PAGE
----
Biochar and soil
Soils store more carbon than the atmosphere and all plant life put together. When undisturbed, the soil beneath a woodland will typically be damp, earthy and carbon-dense. In temperate regions, ectomycorrhiza will form fungi networks between tree genera (groups of trees, such as pines or oaks) to redistribute the carbon, and enable the trees to act as a collective.
Sensitive regeneration of ancient or lost woodlands, protection of existing forests, and restoration of peatland can help this soil flourish and deepen its natural carbon sequestration abilities. Meanwhile, on arable land, no-till farming (conservation tilling) reduces the re-release of carbon into the atmosphere.
Some D2C brands are already integrating soil carbon sequestration into their value chain. One example is DASH Water, who have partnered with Respira to support Blaston Farm and offset unavoidable emissions with soil carbon credits.
“The really exciting thing about soil is that you can make a difference between this year and next. It’s immediate. Hylthon’s farm Blaston is one of the first farms in the country to generate the very first measured soil carbon credits in the UK,” says Jack Scott, the cofounder and CMO of DASH Water.
Another way to enhance soil’s carbon sequestration is through biochar, a charcoal-like substance made from organic material that has been carbonised under extremely high temperatures between 300–1000°C. The Finnish company, Carbofex, describes biochar as “black gold” and cites its carbon sequestration potential as every kilogram of biochar binding 3.5kg of CO₂ to the soil.
Carbon mineralisation and enhanced rock weathering
In the case of Edinburgh-based startup UNDO, UNDO combines soil carbon sequestration with enhanced rock weathering.
Its technique involves spreading finely crushed basalt rock – one of the most abundant rocks on earth, and a byproduct from quarrying and mining – across agricultural land to accelerate the sequestration timescale from millions of years to mere decades.
Straddling both technological and nature-based carbon removal, one of the most well-funded NbS startups is Heirloom.
Heirloom uses limestone – another rock in high supply – to sequester carbon and store in concrete. Its technique is described as one of the world’s most cost-effective Direct Air Capture (DAC) technologies in the world. Indeed, after raising $53M in Series A in March 2022, Heirloom signed one of the largest permanent contracts with Microsoft in September 2023.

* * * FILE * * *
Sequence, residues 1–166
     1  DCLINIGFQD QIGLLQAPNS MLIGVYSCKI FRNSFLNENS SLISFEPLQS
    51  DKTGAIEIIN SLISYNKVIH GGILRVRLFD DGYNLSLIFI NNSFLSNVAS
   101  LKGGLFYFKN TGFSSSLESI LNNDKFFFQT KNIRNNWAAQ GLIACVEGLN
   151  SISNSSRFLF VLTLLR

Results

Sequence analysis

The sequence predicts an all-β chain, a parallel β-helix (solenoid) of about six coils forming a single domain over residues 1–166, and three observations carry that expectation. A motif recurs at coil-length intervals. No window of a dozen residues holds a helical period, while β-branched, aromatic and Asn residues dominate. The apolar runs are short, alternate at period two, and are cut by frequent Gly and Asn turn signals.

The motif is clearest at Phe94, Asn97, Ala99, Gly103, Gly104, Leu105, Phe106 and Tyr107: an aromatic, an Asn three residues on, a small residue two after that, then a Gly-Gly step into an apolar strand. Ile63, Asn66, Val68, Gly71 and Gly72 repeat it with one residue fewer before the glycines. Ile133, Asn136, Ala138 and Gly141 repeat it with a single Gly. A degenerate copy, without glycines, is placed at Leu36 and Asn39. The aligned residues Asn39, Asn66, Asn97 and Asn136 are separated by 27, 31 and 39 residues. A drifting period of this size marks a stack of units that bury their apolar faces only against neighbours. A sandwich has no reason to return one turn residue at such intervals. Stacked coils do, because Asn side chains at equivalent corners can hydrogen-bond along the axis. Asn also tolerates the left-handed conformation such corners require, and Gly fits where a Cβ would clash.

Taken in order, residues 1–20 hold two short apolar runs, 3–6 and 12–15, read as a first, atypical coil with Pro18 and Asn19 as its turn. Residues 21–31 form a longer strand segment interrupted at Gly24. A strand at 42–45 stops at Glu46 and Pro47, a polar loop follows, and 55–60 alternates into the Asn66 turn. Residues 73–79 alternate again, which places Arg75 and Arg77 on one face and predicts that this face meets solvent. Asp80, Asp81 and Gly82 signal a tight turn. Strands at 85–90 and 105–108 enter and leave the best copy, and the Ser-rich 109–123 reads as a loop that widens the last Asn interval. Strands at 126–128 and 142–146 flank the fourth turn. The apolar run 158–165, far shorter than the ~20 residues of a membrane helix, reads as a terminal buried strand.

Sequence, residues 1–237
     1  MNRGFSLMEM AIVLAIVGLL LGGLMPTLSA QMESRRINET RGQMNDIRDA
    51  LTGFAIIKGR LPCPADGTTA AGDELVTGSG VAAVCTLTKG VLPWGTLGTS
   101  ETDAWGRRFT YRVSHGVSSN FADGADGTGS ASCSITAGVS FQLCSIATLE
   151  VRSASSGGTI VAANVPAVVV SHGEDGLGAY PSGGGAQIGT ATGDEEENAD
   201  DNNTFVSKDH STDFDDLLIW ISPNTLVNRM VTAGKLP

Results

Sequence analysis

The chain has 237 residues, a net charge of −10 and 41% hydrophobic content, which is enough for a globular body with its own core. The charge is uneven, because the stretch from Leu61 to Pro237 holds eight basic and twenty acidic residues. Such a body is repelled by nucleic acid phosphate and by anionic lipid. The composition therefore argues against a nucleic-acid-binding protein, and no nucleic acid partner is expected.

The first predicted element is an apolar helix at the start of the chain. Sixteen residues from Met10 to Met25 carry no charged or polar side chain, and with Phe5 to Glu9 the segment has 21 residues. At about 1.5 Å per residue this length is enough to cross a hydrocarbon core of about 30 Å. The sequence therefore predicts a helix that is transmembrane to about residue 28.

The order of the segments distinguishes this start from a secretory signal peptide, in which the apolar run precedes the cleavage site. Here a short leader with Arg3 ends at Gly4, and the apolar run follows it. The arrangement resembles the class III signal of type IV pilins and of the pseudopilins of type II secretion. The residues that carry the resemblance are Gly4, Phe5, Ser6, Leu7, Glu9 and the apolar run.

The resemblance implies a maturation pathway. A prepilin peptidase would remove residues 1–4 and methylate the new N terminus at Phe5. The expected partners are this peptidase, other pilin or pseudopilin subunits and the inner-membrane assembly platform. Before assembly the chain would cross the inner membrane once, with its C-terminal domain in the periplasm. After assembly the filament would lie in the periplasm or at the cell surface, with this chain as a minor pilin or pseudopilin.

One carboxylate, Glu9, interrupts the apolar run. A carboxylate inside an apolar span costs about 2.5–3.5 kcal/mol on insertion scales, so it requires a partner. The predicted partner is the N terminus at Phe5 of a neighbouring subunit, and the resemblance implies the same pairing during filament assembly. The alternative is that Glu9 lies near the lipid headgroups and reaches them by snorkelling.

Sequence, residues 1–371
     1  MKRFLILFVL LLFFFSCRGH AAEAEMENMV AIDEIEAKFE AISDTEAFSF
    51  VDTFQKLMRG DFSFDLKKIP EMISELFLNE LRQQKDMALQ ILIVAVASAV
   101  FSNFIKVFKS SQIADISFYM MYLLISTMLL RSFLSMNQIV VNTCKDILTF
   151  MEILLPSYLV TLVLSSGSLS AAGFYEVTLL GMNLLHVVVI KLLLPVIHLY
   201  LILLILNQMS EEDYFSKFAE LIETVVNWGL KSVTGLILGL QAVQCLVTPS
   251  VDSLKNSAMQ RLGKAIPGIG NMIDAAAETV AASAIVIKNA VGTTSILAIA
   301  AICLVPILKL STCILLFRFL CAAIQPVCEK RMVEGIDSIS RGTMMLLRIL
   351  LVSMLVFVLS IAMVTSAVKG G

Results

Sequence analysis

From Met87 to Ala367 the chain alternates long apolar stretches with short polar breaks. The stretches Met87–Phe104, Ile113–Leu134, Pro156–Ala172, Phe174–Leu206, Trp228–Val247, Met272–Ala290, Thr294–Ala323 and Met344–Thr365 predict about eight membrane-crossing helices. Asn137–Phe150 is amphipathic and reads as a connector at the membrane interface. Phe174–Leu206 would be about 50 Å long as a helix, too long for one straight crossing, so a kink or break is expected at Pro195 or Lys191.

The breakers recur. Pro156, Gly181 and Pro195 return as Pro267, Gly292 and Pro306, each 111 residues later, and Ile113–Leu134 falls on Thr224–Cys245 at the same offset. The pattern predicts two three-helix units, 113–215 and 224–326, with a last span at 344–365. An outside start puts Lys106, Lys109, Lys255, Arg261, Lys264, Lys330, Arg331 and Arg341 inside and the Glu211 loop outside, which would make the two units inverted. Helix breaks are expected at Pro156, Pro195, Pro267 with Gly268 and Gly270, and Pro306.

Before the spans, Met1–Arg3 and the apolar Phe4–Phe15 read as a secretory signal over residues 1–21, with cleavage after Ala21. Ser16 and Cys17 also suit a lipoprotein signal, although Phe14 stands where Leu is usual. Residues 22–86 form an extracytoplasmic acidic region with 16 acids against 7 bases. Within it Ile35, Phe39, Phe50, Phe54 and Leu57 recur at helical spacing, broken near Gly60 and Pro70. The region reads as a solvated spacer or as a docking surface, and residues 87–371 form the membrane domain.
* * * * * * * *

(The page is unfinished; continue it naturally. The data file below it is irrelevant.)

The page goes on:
Forestry and landscape regeneration
Over the last 10,000 years, the world has lost a third of its forests – an area twice the size of the United States. What’s more, in 2022, the UN declared that upwards of 40% of land worldwide is now classified as degraded.
Startups like Zulu Ecosystems are working to change that. Zulu Ecosystems is working closely with land managers, NGOs and local communities across the UK and the US to co-design landscape-level regeneration projects across lost woodlands and ancient forests, as well as wetland and peatland restoration, in a way that prioritises the needs of nature, land-owners, and local communities.
A technology sitting at the periphery of forestry is being developed by a German-based startup called the Dryad network.
Named after the tree nymphs in Greek mythology, these modern-day dryads are wireless sensors trained to detect early signs of wildfire in forests and mitigate the increasing risk of wildfire.
When entering the water – ideally, the dark, deep and salty kind – the carbon cycle begins to naturally accelerate.
The Guardian describes blue carbon as “a hidden CO₂ sink that could save the planet”, yet ‘Life Under Water’ has been described as the least funded initiative of any of the UN Sustainable Development Goals (SDG). However, if the conversations at the World Economic Forum in January 2023 are anything to go by, that might be changing.
Blue carbon techniques range from the protection, restoration, or enhancement of coastal and marine ecosystems, such as mangroves, seagrasses, and salt marshes, all the way to kelp sinking – a practice that involves growing kelp and sinking it to the bottom of the ocean. A study by researchers at Conservation International and the University of Western Australia found that underwater macroalgal forests absorb as much carbon as the Amazon rainforests.